Developmental venous anomalies are formed by radially arranged medullary veins that converge on a transcortical or subependymal large collector vein, with a characteristic appearance often described as 'Medusa head'. Non-contrast computed tomography (NCCT) scans are usually normal. On contrast-enhanced CT (CECT) – multiple linear and/or punctate enhancing foci that converge on a well-delineated collector vein is seen. Conventional spin-echo sequences, while sensitive for detecting high flow vascular malformations, which are seen as flow voids, are less sensitive in the detection of low flow vascular malformations having slow multidirectional flow. Post-contrast T1 sequences show a stellate collection of linear enhancing structures converging on the transparenchymal or subependymal collector vein. Because of slow flow, blood deoxygenates, showing striking linear hypointensities on SWI. On digital subtraction angiography (DSA) - arterial phase is normal; venous phase shows the typical hair-like “Medusa head” appearance of dilated medullary veins with a prominent draining vein. These lesions can be missed on conventional MR sequences as the occurrence of white matter abnormalities is less common.[4] Furthermore, these DVAs can be associated with focal neurological deficit, hemorrhage, infarction, and seizures.

In summary, vascular malformations with attenuated slow flow, like developmental venous anomalies (DVAs) can often be entirely missed with flow-dependent conventional neuroimaging techniques. Hence, although the role of SWI is well established in detecting slow-flow vascular malformations, we discussed a case where one such lesion is entirely occult in conventional sequences, being detected only with SWI and hence highlighting the importance of including the SWI sequence in routine brain imaging protocols to make this diagnosis, as SWI depends on the presence of deoxyhemoglobin and not flow for visualization of these lesions.[5],[6],[7]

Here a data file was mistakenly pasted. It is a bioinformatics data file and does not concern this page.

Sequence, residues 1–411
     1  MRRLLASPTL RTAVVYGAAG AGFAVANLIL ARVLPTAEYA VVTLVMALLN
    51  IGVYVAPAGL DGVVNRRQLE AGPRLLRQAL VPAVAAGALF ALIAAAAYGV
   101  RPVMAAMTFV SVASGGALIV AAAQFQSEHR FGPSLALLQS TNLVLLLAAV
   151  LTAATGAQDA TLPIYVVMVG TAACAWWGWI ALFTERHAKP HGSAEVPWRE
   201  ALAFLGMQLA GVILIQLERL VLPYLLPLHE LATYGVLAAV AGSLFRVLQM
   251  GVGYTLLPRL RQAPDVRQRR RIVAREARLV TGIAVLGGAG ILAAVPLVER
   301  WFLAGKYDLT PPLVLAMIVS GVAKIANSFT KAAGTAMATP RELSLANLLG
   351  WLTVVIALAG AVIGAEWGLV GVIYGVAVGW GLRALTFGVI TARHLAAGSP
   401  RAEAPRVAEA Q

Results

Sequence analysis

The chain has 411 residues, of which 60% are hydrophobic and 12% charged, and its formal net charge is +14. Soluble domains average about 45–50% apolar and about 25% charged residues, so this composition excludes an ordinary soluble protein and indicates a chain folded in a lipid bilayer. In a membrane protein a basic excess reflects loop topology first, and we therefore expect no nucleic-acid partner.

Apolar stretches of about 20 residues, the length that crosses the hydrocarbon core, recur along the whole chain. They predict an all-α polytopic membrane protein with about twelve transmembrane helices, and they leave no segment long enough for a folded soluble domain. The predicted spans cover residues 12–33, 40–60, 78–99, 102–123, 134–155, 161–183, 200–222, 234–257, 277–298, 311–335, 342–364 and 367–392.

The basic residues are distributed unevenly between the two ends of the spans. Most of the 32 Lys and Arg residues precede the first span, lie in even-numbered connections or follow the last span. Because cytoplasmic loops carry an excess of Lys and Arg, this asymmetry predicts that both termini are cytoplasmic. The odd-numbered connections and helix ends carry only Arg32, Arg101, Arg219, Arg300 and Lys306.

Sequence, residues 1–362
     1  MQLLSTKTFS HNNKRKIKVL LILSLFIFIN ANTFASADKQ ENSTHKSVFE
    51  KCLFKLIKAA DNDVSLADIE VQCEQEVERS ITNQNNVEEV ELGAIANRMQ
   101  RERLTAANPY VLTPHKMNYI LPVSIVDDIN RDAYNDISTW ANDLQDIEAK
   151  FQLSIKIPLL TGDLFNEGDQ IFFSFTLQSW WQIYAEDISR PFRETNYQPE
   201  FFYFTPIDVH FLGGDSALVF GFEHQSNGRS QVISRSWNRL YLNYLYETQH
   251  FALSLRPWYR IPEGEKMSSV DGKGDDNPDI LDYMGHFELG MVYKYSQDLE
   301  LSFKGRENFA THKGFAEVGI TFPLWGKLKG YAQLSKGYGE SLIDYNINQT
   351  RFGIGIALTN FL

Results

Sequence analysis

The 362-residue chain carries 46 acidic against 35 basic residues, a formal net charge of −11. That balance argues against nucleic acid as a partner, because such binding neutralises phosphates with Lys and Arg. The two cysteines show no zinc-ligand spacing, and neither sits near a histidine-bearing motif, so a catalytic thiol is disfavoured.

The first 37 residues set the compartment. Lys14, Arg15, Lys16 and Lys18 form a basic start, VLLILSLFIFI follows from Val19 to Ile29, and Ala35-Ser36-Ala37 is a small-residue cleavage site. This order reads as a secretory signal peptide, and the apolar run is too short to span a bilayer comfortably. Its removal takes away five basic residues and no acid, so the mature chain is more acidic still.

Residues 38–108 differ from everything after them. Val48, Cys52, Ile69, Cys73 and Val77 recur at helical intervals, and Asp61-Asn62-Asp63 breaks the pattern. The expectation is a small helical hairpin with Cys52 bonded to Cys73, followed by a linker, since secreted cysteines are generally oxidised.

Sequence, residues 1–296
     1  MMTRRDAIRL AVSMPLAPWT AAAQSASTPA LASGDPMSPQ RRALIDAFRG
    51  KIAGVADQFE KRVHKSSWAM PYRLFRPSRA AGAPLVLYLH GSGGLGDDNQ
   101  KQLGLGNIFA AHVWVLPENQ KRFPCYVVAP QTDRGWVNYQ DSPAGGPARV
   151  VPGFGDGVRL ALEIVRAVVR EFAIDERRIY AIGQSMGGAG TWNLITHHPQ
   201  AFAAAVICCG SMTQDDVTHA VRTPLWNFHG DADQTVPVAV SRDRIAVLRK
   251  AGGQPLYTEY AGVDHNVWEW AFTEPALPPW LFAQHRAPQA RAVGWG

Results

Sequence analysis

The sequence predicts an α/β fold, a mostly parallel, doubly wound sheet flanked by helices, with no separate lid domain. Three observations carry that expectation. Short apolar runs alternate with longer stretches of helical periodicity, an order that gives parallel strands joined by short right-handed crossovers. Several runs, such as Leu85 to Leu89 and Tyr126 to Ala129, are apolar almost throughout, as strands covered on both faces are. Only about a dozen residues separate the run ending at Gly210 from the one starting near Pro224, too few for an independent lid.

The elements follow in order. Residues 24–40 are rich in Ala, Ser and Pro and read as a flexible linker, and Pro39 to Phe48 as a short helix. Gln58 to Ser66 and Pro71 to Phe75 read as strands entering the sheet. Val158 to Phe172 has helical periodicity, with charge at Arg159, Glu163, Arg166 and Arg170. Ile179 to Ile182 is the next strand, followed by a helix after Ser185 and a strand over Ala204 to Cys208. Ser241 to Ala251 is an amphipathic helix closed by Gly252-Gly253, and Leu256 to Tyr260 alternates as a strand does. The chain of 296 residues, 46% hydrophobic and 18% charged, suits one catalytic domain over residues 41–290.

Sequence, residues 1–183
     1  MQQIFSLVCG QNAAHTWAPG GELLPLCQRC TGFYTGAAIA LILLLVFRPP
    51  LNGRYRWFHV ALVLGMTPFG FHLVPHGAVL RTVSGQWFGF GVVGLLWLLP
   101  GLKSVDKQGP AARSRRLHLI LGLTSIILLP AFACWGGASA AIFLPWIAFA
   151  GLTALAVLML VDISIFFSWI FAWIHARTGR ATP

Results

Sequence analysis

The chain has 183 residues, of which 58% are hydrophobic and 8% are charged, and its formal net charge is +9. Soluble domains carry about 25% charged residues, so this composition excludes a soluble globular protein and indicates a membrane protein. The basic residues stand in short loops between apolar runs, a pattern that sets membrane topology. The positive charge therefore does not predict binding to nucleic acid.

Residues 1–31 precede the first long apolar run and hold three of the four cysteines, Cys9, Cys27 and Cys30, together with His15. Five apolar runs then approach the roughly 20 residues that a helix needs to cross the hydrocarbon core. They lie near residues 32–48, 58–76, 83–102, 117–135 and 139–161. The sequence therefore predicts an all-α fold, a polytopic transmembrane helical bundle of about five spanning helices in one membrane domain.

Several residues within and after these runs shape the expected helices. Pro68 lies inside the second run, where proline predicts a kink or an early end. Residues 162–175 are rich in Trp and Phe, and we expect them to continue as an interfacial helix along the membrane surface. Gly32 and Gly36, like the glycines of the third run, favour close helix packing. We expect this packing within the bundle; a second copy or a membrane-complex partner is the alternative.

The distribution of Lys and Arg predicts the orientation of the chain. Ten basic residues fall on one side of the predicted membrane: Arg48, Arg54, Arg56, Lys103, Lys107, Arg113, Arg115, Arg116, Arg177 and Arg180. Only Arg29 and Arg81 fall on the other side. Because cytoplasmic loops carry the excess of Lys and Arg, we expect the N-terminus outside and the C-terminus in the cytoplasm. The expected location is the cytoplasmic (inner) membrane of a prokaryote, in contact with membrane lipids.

Declaration of patient consent

The authors certify that they have obtained all appropriate patient consent forms. In the form, the patient(s) has/have given his/her/their consent for his/her/their images and other clinical information to be reported in the journal. The patients understand that their names and initials will not be published and due efforts will be made to conceal their identity, but anonymity cannot be guaranteed.

Financial support and sponsorship

Nil.

Conflicts of interest

There are no conflicts of interest.



 
  References Top

1.
Mittal S, Wu Z, Neelavalli J, Haacke EM. Susceptibility-weighted imaging: Technical aspects and clinical applications, part 2. Am J Neuroradiol 2009;30:232-52.  Back to cited text no. 1
    
2.
Mishra A, Thomas B, Kapilamoorthy TR. Susceptibility weighted imaging-a problem solving tool in differentiation of cerebellopontine angle schwanommas and meningiomas. Neuroradiol J. 2017;30:253-8.  Back to cited text no. 2
    
3.
Kumar S, Kesavadas C, Thomas B. Susceptibility-weighted Imaging torch fire sign in a patient with dystonia due to hypoxic-ischemic injury. Ann Indian Acad Neurol 2017;20:319.  Back to cited text no. 3
    
4.
Linscott LL, Leach JL, Zhang B, Jones BV. Brain parenchymal signal abnormalities associated with developmental venous anomalies in children and young adults. Am J Neuroradiol 2014;35:1600-7.  Back to cited text no. 4
    
5.
Barnes SRS, Haacke EM. Susceptibility-weighted imaging: Clinical angiographic applications. Magn Reson Imaging Clin N Am 2009;17:47-61.  Back to cited text no. 5
    
6.
George U, Jolappara M, Kesavadas C, Gupta AK. Susceptibility-weighted imaging in the evaluation of brain arteriovenous malformations. Neurol India 2010;58:608-14.  Back to cited text no. 6
[PUBMED]  [Full text]  
7.
Baheti NN, Cherian A, Wattamwar PR, Kesavadas C, Thomas B. Ischemic hyperintensities on T1-weighted magnetic resonance imaging of patients with stroke: New insights from susceptibility weighted imaging. Neurol India 2010;58:90-4.  Back to cited text no. 7
[PUBMED]  [Full text]